. . .

Waltz spells out his theory most thoroughly in the 1995 book ''The Spread of Nuclear Weapons,'' co-written with the Stanford political scientist Scott D. Sagan in the form of an extended debate. Updated and republished two years ago to take into account the nuclearization of India and Pakistan, it contains the same arguments Waltz makes today in interviews. Put simply, a war between nuclear powers cannot be decisively won without the risk of total destruction. Since the risk of escalation in any conflict is so high, nuclear states grow cautious. ''If states can score only small gains because large ones risk retaliation,'' Waltz writes, ''they have little incentive to fight.'' When fighting does break out, it is likely to be a localized proxy conflict like the Korean War instead of, say, a Soviet invasion of Western Europe. Nuclear weapons, he adds, even blunt the urge for territorial expansion, since they contribute far more to a country's security than any geographical buffer could.

Even Graham Allison, a dean and professor at Harvard's Kennedy School of Government and one of the country's most visible nonproliferation crusaders, concedes some of Waltz's argument. ''There's something known in the literature as a crystal ball effect,''' Allison says. ''With a nuclear war, probably most of the people living in the capital are going to be killed, including the leader and his family, so it brings it home. You have a positive effect, and you can certainly see that in the India-Pakistan relationship'' since both countries acquired their nuclear arsenals.

Yet Allison-whose latest book, the widely noted ''Nuclear Terrorism: The Ultimate Preventable Catastrophe,'' was published last August-dismisses Waltz's larger linkage between proliferation and security as ''perverse, but nonetheless interesting.'' In particular, Allison argues, the time period just after a country goes nuclear-in the case of North Korea, the present moment-is the most dangerous. This is partly because nascent nuclear nations don't have the best command and control systems for their weapons. More troubling is that historically, in every so-called nuclear ''conflict dyad''-US/USSR, USSR/China, India/Pakistan-the first of the two to go nuclear came close to launching a preemptive attack to profit from its nuclear advantage. And the precarious hold on power of the government in a nuclear nation like Pakistan only adds to the volatile mix.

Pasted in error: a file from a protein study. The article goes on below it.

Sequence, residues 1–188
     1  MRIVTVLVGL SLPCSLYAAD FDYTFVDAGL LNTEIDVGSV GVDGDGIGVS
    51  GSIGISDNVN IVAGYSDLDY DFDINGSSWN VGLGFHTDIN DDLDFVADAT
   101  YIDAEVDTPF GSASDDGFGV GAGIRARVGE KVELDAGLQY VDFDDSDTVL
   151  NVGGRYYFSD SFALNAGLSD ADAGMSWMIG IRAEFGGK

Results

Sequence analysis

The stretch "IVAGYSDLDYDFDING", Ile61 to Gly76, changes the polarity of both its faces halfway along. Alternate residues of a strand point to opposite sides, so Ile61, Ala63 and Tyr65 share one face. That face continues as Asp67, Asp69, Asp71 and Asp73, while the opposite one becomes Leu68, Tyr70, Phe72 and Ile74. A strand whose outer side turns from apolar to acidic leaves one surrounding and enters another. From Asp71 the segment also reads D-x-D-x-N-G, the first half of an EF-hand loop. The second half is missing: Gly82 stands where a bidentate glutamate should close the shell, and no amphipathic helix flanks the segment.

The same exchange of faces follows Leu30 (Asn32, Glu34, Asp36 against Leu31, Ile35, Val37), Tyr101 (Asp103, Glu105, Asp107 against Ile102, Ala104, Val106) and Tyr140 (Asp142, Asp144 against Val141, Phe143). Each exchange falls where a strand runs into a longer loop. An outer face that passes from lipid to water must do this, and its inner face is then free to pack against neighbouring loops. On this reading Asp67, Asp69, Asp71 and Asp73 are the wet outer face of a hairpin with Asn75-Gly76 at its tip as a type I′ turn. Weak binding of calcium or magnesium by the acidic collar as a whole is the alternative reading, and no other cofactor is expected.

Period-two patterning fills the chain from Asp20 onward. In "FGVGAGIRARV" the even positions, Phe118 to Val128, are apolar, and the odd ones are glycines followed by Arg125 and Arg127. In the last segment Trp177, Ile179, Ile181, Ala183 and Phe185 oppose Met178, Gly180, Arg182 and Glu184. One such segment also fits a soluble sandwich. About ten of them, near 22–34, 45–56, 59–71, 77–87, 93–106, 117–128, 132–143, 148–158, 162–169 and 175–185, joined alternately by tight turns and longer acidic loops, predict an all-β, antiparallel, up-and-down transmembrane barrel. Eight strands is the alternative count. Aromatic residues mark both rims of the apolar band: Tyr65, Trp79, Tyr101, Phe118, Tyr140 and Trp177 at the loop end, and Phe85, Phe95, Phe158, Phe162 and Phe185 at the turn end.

Even today's long-established nuclear powers, Allison points out, may owe their continued survival as much to luck as logic. John F. Kennedy himself put the chance of nuclear war during the Cuban Missile Crisis at one in three-odds, Allison notes, that are twice as high as those in Russian Roulette.

To share Waltz's faith in the pacifying effects of proliferation, says David Goldfischer of Denver University's Graduate School of International affairs, is to subscribe to a sort of ''nuclear theology.'' (Goldfischer is himself a proponent of what he calls Mutual Defense Emphasis-a proposed treaty regime in which nuclear arsenals would be sharply reduced and mutually acceptable missile defenses installed by opposing nuclear powers.) Waltz, Goldfischer charges, ''is utterly convinced that there's a rational core in every brain similar to his own, which will act somehow at the critical moment, and that no one will be able to reach a leadership position in any society who will make the potentially suicidal decision to launch when a massive retaliation is a certainty.'' And that doesn't begin to account for the possibility of an accidental launch or an attack by an Al Qaeda operative whose effective statelessness and hunger for martyrdom make him undeterrable.